154 Michigan schools recognized this year for being prepared to respond to cardiac emergencies

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FILE- In this Nov. 28, 2016, file photo, a screen displays a patient’s vital signs during open heart surgery at the University of Maryland Medical Center in Baltimore. Hospitalizations cause only about 4 percent of personal bankruptcies among non-elderly U.S. adults, according to an analysis published Wednesday, March 21, 2018, by the New England Journal […]

LANSING, Mich. (WLNS) – Michigan health officials and community partners recognized 154 schools for being prepared to respond to cardiac emergencies.

The Michigan Departments of Health and Human Services and Education as well as American Heart Association, Michigan High School Athletic Association and Michigan Alliance for Prevention of Sudden Cardiac Death of the Young recognized the schools that were designated for the 2018-19 school year.

Some of the first time awarded schools include Bath Elementary School, Bath High School, Fowlerville High School, Mason Elementary, McGrath Elementary, Myers Elementary, Anderson Elementary, Brendel Elementary, Cook Elementary, Indian Hill Elementary, Reid Elementary, Greenfield Schools, Mason County Central High School, Mason County Central Middle School, Mason County Central Upper Elementary School, Scottville Elementary, and High Point School.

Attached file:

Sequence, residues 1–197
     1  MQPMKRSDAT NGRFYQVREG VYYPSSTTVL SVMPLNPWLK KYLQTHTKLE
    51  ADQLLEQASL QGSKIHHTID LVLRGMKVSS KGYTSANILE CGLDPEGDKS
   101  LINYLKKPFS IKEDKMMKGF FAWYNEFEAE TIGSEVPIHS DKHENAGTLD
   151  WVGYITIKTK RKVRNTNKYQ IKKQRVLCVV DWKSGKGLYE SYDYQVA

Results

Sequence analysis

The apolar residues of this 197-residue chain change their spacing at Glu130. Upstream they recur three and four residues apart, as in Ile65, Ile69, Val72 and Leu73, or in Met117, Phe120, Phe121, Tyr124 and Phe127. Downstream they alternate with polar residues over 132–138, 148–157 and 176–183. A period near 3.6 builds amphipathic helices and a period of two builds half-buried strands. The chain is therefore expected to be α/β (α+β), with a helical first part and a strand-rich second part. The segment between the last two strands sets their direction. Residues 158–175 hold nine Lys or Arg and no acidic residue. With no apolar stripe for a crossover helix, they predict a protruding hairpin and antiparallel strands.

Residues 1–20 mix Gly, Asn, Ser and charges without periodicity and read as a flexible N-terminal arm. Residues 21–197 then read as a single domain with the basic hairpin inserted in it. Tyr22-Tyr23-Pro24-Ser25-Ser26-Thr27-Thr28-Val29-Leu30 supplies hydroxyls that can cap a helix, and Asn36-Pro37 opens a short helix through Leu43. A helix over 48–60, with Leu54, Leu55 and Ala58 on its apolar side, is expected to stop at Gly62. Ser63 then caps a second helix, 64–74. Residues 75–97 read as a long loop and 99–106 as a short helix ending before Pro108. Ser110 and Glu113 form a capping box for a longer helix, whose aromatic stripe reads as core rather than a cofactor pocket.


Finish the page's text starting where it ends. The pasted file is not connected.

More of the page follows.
The MI HEARTSafe School Program has recognized 569 schools since 2013 for having a written medical emergency response plan and properly maintained AEDs as well as annual cardiac emergency response drills.

The program also includes current CPR/AED certification of at least 10 percent of staff, 50 percent of coaches as well as 100 percent of head varsity coaches and P.E. staff.

“Sudden cardiac death claims the lives of more than 300 Michigan children and young adults annually,” said Dr. Joneigh Khaldun, MDHHS chief medical executive and chief deputy for health.

The designation lasts for three years, and this year 67 schools received their second MI HEARTSafe award.

“Ensuring schools are prepared for sudden cardiac emergencies through planning, training and life-saving AEDs is an important part of having safer learning environments for students, staff and the community,” said State Superintendent Dr. Michael Rice.

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